You could add tomato and cheese to this salad.

Recipe source: {++}

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Everyday Simple Recipes, Kerala Recipes, Side Dishes, South Indian, Vegan

Chakkakuru Mezhukkupuratti – Jackfruit Seed Stir Fry

We Indians dont need lessons in frugality. Every tiny thing that can be used will be utilized and will not be wasted. When a ripe jackfruit is cut at home, the fruit is deseeded and eaten. The outer covering of the fruit is given to cattle. Cows love munching on the thick outer covering leftovers. So now the only thing that remains is the jackfruit seed. In mallu land, we make chakkakuru mezhukkupuratti (jackfruit seed stir fry) which is a very easy and tasty dish. It is also added to many different subzis such as avial. Jackfruit seeds are rich in protein, antioxidants, good sources of riboflavin and thiamine, and good for the skin, complexion, and hair.

Ingredients:
Jackfruit seeds – 15-20
Onion/Shallots- 1/10 shallots
Dry red chillies/Red chilly powder – 2 Nos/1 tsp
Turmeric powder – 1/4 tsp
Mustard seeds – 1/4 tsp
Curry leaves – 1 sprig
Water – 1 cup
Salt – To taste
Coconut oil – 1 tbsp

Method:
There are two ways to clean and prep the jackfruit seeds to make this dish.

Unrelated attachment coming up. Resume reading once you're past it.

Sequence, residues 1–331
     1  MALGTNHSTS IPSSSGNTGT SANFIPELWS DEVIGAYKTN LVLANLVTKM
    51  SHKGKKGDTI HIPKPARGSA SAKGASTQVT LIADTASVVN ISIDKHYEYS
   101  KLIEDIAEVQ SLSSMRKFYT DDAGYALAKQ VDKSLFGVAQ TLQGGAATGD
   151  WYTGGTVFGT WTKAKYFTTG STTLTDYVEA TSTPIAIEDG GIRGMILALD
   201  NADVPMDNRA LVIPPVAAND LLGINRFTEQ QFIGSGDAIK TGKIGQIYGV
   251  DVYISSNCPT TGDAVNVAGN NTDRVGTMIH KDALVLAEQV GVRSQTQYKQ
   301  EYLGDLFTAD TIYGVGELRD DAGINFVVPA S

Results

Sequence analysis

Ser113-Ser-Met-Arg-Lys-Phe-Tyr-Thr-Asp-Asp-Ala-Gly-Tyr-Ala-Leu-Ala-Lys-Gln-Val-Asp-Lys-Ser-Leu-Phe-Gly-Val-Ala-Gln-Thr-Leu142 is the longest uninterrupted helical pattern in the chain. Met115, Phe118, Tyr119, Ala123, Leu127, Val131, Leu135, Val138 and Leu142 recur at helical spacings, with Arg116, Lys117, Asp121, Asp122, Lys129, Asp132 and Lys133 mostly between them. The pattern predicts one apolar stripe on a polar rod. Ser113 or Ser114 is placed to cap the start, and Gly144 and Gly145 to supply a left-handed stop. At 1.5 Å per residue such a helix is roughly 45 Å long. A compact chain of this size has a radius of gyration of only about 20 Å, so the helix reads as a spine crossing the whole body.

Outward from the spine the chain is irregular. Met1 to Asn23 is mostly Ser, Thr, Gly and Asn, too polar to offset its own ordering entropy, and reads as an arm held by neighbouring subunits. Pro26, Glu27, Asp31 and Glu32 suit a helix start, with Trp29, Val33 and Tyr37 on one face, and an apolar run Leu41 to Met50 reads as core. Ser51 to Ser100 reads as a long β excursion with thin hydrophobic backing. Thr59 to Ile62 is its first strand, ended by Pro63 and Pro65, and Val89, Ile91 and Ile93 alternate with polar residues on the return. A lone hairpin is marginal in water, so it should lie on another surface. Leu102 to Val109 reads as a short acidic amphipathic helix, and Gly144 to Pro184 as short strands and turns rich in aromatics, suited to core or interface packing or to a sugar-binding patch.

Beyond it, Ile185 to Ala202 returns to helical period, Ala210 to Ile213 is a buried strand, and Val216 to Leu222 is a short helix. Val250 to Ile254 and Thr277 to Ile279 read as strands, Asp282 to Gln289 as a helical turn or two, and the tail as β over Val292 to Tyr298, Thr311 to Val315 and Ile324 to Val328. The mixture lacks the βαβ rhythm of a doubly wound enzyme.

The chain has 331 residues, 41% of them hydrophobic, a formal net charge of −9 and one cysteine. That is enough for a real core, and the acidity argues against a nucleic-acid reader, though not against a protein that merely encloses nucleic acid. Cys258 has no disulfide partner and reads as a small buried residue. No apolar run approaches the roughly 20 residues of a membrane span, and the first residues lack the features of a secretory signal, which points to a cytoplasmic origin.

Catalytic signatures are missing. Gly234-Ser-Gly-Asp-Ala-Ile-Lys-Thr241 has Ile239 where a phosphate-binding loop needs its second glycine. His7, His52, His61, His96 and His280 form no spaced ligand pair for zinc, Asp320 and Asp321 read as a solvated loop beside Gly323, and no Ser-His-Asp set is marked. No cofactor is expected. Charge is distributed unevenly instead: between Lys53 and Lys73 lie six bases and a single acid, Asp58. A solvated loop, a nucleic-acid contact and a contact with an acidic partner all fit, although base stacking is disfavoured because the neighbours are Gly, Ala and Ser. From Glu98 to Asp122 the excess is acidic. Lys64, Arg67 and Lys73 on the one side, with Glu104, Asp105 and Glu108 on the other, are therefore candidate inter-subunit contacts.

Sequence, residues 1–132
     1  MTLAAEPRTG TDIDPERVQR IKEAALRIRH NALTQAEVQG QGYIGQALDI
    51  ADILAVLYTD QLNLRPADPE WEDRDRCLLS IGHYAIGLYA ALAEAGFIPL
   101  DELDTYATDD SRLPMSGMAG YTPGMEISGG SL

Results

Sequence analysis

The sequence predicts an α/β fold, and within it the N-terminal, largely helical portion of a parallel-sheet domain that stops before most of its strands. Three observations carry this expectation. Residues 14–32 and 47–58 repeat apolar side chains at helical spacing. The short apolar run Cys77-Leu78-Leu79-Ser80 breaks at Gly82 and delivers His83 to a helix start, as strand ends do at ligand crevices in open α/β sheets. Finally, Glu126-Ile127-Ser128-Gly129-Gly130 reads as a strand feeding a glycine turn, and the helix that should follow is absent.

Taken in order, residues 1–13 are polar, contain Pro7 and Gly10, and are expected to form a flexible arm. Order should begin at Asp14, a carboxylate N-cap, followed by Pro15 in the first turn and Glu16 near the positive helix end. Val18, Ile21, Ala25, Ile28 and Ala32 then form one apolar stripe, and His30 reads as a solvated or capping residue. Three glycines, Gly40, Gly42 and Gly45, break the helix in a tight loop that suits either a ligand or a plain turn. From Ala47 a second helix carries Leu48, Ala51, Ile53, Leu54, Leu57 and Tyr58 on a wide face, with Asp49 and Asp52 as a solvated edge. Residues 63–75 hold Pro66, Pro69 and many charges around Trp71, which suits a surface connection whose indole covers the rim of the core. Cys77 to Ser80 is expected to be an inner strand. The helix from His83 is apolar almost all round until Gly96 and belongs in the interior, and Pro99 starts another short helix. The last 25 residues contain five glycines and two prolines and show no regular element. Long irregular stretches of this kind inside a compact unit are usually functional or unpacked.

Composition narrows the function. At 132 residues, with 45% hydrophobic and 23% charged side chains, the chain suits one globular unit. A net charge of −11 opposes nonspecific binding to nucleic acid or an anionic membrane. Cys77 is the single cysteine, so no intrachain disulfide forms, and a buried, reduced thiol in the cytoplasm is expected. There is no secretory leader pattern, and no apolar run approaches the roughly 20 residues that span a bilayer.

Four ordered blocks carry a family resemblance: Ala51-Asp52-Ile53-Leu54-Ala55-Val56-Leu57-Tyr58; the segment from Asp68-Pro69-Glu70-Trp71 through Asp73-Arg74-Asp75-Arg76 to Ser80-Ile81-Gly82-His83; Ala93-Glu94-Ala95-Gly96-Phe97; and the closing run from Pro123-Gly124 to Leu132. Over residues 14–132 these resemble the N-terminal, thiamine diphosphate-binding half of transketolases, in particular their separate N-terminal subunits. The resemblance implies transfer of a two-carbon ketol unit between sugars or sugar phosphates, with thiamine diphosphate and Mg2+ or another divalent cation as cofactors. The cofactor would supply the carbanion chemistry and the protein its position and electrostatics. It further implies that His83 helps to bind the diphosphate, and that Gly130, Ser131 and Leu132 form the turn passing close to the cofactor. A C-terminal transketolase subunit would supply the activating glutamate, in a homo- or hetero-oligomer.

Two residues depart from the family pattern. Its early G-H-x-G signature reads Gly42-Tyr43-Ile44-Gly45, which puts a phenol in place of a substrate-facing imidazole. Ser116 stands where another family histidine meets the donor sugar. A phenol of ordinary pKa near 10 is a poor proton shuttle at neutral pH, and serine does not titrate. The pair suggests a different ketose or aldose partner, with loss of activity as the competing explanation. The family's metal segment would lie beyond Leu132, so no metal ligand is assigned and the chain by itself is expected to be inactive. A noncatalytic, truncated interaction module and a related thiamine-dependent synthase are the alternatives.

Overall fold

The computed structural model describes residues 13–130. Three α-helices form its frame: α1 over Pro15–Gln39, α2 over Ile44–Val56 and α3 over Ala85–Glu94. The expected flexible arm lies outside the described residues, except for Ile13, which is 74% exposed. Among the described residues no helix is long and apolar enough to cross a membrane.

Method 1 – Like potatoes, jackfruit seeds take some time to cook. The easiest way to cook jackfruit seeds is to pressure cook them for one whistle along with some amount of water. After pressure cooking the seeds, remove excess water and the off-white outer covering of the seed. Beneath the off-white peel is a dark brown covering. This can be retained. Dice into desired shape (long pieces or into cubes).

Method 2: This is the method I often follow. Place the seeds on a newspaper and place this on the floor. Use a pestle to pound the seeds lightly with force just enough to crush them. The peel comes off easily. Cut into desired shape. Cook them in a pan along with water until they turn soft.

 

You can either grind the onion and red chilies into a smooth paste or you can use finely chopped onion and red chilly powder.

Heat a thick bottomed frying pan and pour oil. Add mustard seeds. After the mustard seeds splutter, add the onion paste/finely chopped onion and curry leaves. Fry until chopped onion is soft/onion paste loses its raw smell. Add the cut jackfruit seeds and salt. Stir fry for about 10 minutes. You might need to add more oil if you want the edges to turn crisp. Serve as a dry subzi along with rice.